A chronic degenerative disease of the central nervous system, multiple sclerosis (MS), causes inflammation, muscular weakness, and a loss of motor coordination. Over a period of time, patients afflicted with the disease typically become permanently disabled and the disease could be fatal in some cases. According to the US National Multiple Sclerosis Society, nearly 200 people are diagnosed every week with the disease that often strikes those 20 to 40 years of age.
Clinical and anecdotal reports of the ability of cannabinoids to minimize MS-related symptoms such as pain, spasticity, depression, fatigue, and incontinence are plentiful in the scientific literature. In 2008, investigators at the University of California at San Diego reported inhaled cannabis significantly reduced objective measures of pain intensity and spasticity in patients with MS in a placebo-controlled, randomized clinical trial. Investigators concluded that “smoked cannabis was superior to placebo in reducing spasticity and pain in patients with multiple sclerosis and provided some benefit beyond currently prescribed treatment.”
It should therefore comes as no surprise that patients with multiple sclerosis typically report engaging in cannabis therapy, with one survey indicating that almost one in two MS patients use the drug therapeutically.
Investigators at the University College of London’s Institute of Neurology, writing in the July 2003 issue of the journal Brain, reported that administration of the synthetic cannabinoid agonist WIN 55,212-2 provided “significant neuroprotection” in an animal model of multiple sclerosis. “The results of this study are important because they suggest that in addition to symptom management, … cannabis may also slow the neurodegenerative processes that ultimately lead to chronic disability in multiple sclerosis and probably other disease,” researchers concluded.
Investigators at the Netherland’s Vrije University Medical Center, Department of Neurology, also reported that oral THC could boost immune function in patients with multiple sclerosis.
 Chong et al. 2006. Cannabis use in patients with multiple sclerosis. Multiple Sclerosis 12: 646-651.
 Rog et al. 2005. Randomized, controlled trial of cannabis-based medicine in central pain in multiple sclerosis. Neurology 65: 812-819.
 Wade et al. 2004. Do cannabis-based medicinal extracts have general or specific effects on symptoms in multiple sclerosis? A double-blind, randomized, placebo-controlled study on 160 patients. Multiple Sclerosis 10: 434-441.
 Brady et al. 2004. An open-label pilot study of cannabis-based extracts for bladder dysfunction in advanced multiple sclerosis. Multiple Sclerosis 10: 425-433.
 Vaney et al. 2004. Efficacy, safety and tolerability of an orally administered cannabis extract in the treatment of spasticity in patients with multiple sclerosis: a randomized, double-blind, placebo-controlled, crossover study. Multiple Sclerosis 10: 417-424.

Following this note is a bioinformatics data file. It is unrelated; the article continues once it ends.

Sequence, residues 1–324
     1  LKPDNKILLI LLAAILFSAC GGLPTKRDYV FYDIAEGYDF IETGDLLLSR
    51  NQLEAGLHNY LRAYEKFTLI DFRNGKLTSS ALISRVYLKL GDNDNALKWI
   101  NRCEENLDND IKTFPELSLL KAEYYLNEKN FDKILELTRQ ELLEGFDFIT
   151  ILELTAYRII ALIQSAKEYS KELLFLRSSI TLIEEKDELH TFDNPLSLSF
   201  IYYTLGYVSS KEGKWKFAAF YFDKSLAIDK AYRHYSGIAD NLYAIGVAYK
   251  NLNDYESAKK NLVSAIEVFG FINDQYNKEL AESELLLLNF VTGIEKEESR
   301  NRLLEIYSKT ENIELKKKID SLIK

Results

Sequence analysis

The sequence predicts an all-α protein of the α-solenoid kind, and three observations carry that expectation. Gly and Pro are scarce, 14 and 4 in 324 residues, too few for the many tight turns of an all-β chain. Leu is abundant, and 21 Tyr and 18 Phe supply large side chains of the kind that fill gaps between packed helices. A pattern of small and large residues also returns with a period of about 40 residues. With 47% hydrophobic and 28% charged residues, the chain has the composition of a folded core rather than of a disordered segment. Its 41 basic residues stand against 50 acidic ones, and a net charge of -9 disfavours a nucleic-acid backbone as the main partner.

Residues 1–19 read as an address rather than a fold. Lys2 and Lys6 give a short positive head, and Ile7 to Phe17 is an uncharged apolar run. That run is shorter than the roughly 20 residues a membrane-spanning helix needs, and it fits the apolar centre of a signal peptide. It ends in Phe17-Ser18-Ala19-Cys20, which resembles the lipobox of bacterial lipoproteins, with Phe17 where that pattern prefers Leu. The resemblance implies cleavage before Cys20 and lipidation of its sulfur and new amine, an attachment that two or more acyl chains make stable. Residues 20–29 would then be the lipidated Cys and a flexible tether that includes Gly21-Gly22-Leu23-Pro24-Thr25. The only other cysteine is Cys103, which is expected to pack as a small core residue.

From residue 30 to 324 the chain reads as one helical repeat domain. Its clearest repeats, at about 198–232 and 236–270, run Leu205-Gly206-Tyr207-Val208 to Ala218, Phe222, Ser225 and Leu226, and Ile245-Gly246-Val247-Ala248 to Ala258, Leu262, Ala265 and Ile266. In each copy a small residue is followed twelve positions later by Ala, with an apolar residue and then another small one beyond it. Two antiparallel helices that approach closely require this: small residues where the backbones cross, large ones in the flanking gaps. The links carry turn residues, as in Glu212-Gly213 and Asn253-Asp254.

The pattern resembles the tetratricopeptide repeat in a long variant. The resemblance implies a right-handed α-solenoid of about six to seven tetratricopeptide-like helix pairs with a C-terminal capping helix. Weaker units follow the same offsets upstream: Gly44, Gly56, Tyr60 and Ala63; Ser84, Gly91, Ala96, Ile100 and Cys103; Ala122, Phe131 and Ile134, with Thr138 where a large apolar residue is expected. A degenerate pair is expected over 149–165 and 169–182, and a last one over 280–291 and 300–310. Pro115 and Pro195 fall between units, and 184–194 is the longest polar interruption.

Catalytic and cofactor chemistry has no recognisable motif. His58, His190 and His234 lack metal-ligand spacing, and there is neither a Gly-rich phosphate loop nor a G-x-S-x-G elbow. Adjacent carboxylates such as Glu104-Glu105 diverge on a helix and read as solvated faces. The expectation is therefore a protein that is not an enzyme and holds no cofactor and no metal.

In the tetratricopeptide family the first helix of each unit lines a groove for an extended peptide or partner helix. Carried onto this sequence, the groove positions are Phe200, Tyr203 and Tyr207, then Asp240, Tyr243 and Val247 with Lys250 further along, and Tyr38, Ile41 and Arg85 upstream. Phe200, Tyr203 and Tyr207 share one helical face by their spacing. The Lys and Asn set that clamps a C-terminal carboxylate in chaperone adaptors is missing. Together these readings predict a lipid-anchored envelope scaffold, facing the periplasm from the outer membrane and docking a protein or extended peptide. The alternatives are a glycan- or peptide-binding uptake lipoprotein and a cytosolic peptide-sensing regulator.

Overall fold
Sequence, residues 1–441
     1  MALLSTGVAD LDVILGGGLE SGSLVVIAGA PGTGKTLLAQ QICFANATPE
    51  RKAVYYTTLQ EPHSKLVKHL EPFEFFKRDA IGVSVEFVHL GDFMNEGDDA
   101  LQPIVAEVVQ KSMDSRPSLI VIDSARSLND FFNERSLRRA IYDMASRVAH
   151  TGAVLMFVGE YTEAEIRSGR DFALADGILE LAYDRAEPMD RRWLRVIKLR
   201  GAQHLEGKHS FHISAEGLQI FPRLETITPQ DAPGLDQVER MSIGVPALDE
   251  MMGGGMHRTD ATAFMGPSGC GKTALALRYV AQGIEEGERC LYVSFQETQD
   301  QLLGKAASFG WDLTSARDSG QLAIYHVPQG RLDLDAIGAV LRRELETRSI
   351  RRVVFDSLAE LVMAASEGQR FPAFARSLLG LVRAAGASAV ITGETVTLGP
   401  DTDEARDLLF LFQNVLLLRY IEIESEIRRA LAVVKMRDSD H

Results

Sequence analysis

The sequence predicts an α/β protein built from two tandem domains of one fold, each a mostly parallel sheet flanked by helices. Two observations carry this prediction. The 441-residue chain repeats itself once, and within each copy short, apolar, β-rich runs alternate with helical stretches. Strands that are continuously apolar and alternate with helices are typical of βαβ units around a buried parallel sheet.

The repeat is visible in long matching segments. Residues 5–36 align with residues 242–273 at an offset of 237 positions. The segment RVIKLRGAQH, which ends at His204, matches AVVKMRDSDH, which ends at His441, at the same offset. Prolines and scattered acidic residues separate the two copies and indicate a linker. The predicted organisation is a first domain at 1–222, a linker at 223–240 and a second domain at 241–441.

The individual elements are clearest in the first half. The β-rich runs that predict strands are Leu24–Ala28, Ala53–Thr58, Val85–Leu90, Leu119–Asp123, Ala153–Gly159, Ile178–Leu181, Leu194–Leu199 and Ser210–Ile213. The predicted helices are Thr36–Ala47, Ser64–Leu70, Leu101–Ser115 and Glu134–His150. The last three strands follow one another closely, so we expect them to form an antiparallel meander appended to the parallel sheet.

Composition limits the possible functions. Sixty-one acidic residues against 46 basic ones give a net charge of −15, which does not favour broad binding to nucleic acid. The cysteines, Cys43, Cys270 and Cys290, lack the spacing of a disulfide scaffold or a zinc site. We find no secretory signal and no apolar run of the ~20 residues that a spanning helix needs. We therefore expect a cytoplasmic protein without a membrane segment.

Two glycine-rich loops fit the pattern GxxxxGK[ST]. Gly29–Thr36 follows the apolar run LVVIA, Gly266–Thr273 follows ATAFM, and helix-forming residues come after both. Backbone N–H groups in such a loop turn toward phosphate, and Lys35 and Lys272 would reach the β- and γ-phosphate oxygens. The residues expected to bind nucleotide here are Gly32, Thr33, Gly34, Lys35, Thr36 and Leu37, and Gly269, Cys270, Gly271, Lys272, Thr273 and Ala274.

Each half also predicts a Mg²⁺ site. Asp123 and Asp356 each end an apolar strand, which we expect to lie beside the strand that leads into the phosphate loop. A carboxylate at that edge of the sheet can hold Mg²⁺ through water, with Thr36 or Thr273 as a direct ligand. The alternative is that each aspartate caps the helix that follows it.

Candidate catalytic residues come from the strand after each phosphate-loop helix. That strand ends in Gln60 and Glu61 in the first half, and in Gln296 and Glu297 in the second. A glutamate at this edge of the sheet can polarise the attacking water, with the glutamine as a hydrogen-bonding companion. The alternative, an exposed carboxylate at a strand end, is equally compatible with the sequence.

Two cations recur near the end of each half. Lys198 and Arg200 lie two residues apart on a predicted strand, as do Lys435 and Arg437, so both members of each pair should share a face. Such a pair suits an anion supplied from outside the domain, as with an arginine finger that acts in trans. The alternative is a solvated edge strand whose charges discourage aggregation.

Zajicek et al. 2003. Cannabinoids for treatment of spasticity and other symptoms related to multiple sclerosis: multicentre randomized placebo-controlled trial [PDF]. The Lancet 362: 1517-1526.
 Page et al. 2003. Cannabis use as described by people with multiple sclerosis [PDF]. Canadian Journal of Neurological Sciences 30: 201-205.
 Wade et al. 2003. A preliminary controlled study to determine whether whole-plant cannabis extracts can improve intractable neurogenic symptoms. Clinical Rehabilitation 17: 21-29.
 Consroe et al. 1997. The perceived effects of smoked cannabis on patients with multiple sclerosis. European Journal of Neurology 38: 44-48.
 Meinck et al. 1989. Effects of cannabinoids on spasticity and ataxia in multiple sclerosis. Journal of Neurology 236: 120-122.
 Ungerleider et al. 1987. Delta-9-THC in the treatment of spasticity associated with multiple sclerosis. Advances in Alcohol and Substance Abuse 7: 39-50.
 Denis Petro. 1980. Marijuana as a therapeutic agent for muscle spasm or spasticity. Psychosomatics 21: 81-85.
 Jody Corey-Bloom. 2010. Short-term effects of cannabis therapy on spasticity in multiple sclerosis. In: University of San Diego Health Sciences, Center for Medicinal Cannabis Research. Report to the Legislature and Governor of the State of California presenting findings pursuant to SB847 which created the CMCR and provided state funding. op. cit.
 Clark et al. 2004. Patterns of cannabis use among patients with multiple sclerosis. Neurology 62: 2098-2010.
 Reuters News Wire. August 19, 2002. “Marijuana helps MS patients alleviate pain, spasms.”
 Pryce et al. 2003. Cannabinoids inhibit neurodegeneration in models of multiple sclerosis. Brain 126: 2191-2202.
 Killestein et al. 2003. Immunomodulatory effects of orally administered cannabinoids in multiple sclerosis. Journal of Neuroimmunology 137: 140-143.
 Wade et al. 2006. Long-term use of a cannabis-based medicine in the treatment of spasticity and other symptoms of multiple sclerosis. Multiple Sclerosis 12: 639-645.
 Rog et al. 2007. Oromucosal delta-9-tetrahydrocannabinol/cannabidiol for neuropathic pain associated with multiple sclerosis: an uncontrolled, open-label, 2-year extension trial. Clinical Therapeutics 29: 2068-2079.
 Canada News Wire. June 20, 2005. “Sativex: Novel cannabis derived treatment for MS pain now available in Canada by prescription.”
 Daily Finance. June 22, 2010. “U.K. approves pot-based drug.”
 GW Pharmaceuticals press release. July 28, 2010. ” Spanish Sativex approval.”